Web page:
saints and saguaros

We have come in search of The Dogs of San Xavier. He has come in search of a miracle.

The ancient mission is a pilgrimage site, so it’s only fitting that we have made the trek to seek the old labradors who sometimes make appearances. Alas, not today.

Disappointed, we wander the grounds, stopping at the little room off to the left that houses the prayer candles. And there he is.

As we walk up, he’s off to the right side of the room, head bowed, deep in prayer. He’s wearing his Sunday best on a scorching Thursday afternoon: Starched white shirt, dress pants, boots, black hair slicked back precisely. He’s old, maybe a little older than me, likely a member of the O’odham tribe that surrounds the mission.

And clearly, he needs a miracle.

We stand for a long time at the little shrine. Religion is an odd thing. I suppose one is as good as the next, as long as your believe with all your heart. And clearly he does.

It’s awkward to be a sightseer with the sight of someone so deeply involved in prayer. We stand for a while, struck by the somber intensity of the room. The smoke-covered walls, the old photographs, the statues, the candles, the stillness. There’s something about the room. A spirit you can feel. Holy.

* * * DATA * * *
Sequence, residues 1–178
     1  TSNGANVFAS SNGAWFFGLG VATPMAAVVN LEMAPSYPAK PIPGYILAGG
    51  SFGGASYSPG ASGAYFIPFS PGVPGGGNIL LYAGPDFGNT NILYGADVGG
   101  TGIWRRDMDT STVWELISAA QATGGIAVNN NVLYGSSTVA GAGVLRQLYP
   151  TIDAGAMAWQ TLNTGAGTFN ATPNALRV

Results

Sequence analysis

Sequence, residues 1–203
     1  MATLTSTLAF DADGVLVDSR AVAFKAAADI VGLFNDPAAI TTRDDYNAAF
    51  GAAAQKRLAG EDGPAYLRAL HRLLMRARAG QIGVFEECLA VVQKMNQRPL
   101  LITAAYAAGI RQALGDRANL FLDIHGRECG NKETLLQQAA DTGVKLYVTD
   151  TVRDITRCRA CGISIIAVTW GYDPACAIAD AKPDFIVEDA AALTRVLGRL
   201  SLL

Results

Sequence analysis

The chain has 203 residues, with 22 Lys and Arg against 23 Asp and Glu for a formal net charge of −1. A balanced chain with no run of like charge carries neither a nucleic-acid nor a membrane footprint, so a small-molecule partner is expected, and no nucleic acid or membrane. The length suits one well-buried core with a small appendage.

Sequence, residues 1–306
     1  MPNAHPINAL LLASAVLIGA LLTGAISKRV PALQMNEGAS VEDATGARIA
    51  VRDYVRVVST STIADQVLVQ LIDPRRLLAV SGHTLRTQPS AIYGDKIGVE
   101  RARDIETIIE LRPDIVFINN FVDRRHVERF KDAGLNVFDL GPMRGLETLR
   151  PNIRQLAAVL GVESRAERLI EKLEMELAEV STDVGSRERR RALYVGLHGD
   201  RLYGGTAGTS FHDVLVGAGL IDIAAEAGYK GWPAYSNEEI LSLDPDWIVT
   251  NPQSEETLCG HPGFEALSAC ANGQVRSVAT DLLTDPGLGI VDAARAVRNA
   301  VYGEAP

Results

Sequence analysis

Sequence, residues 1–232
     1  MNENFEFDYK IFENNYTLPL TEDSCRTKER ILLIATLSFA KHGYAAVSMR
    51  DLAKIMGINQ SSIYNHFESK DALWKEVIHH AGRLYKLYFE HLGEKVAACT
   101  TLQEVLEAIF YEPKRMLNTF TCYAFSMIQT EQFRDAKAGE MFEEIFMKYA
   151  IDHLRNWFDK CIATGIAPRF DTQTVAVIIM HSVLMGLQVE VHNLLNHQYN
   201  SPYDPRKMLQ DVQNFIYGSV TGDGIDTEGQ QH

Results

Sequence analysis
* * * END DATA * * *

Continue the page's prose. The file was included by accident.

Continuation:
As we leave, he’s still there, head bowed, oblivious to us.

We go inside the mission. It was completed just before 1800, a relic of the past that’s still an active church. Dark and quiet, with statues of saints and lions and simple grandeur. It’s got a vibe that goes from reverence to spooky and back again.

Directly across from our bench is  the carved effigy of St. Francis Xavier, lying beneath a blanket. Mo says people come to him with their prayer requests, leaving him tiny metal charms and scraps of paper. They believe he can grant miracles, she says.

We sit quietly in the dark, our eyes adjusting as we watch people trickle in to stand before the saint. And there he is again.

He crosses himself, touches the saint’s head, his body, his feet. He stands in prayer, head bowed, forever. He touches the saint’s head again, and then slowly walks out. A heavy weight follows him.

We walk into the bright light outside. Mo asks the woman at the gift shop about the dogs. The woman says they don’t come around much these days; Mo is lucky to have seen them earlier. Mo buys a candle from her. We go back to the little room, where she lights it and leaves it with the rest.

I don’t ask who she is praying for. But I know who my prayer is for.

I hope we find our dogs. I hope he finds his miracle.

We stop at the Circle K and buy sodas, in search of saguaros.

And maybe miracles.

About gary

no sock monkeys were harmed in the making of this blog.
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